Concern for London cyclists as Olympics approach

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By Selina Ditta

Londoners are being encouraged to ditch the underground and take to bike lanes during the Olympics, causing further concern as to whether London’s roads are adequate for cyclists.

According to the London Cycling Campaign approximately one million cycling journeys are made each week.

During The Games, London can expect an extra three million journeys each day as 11 million spectators pour into the city.

Luke Evans, from Lambeth Cyclists who are part of the London Cycling Campaign, said: “Central London is compact and easy to navigate by bike. We would like to see as many spectators as possible going to the Olympics by bike.”

With around 1,000 members, Lambeth Cyclists work with Lambeth Council and Transport for London to make the borough's roads safer and encourage more people to cycle.

Andreas Kambanis, whose London Cyclist Blog attracts 80,000 visitors is worried about cyclists’ safety during the Olympics.

“Many of the bus lanes will be closed to cyclists to allow for officials, sponsors and athletes to move through the city,” he said.

“Already I've been hearing reports of an accident involving a cyclist who normally would take a safe cycle route through the Mall which has now been closed off.”

Mr Kambanis added: “I fear that safer routes through the capital will be restricted for cyclists and we'll have to merge with the rest of the traffic.”

Mr Evans, of Lambeth, is optimistic though about cycling during the Games.

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“I don’t think that cyclists will be unduly affected by any increases in traffic on the Olympic Road Network and if there is major congestion there are usually alternative routes available for cyclists,” Mr Evans said.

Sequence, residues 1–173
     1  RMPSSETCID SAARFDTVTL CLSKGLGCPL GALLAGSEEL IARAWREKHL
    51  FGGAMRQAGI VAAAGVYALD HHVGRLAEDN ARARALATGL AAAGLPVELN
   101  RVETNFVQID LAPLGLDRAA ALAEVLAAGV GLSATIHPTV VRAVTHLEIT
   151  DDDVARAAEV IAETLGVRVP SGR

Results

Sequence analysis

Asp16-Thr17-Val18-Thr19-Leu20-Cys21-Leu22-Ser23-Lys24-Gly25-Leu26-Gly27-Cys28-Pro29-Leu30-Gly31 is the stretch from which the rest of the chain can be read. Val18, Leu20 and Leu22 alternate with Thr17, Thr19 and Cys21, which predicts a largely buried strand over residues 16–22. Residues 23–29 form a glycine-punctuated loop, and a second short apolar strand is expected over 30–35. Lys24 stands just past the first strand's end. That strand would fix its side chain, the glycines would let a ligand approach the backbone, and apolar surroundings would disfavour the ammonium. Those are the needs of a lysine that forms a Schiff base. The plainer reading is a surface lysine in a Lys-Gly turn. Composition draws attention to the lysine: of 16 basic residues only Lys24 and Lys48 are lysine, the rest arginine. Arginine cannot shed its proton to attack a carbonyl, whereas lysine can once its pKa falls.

“I think it will be no harder for people to park their bikes during the games as long as they avoid the restricted area. We hope that the cycle parking stands won’t be unnecessarily put out of use due to security concerns.”

Mr Evans encourages all cyclists to get hold of the free Transport for London cycling guides which were developed with the London Cycling Campaign so they can see alternative routes.

Mr Kambanis has tips for getting around the Olympics by bike on his blog such as using the Cycle to Work Scheme to get a bike and accessories through salary deductions which he said is the easiest way to acquire a bike.

He also advises to buy at least two bike locks with one of them being a heavy Kryptonite Gold standard lock.

“Always lock your bike through the frame and the wheels. That should be enough to discourage most thieves,” he said.

Mr Kambanis added: “Maybe the situation of Olympic lanes will get so bad more people will finally decide to take to cycling!”

The Transport for London cycling guides are available to order for free on the TfL website:  www.tfl.gov.uk/roadusers/cycling/11682.aspx

 

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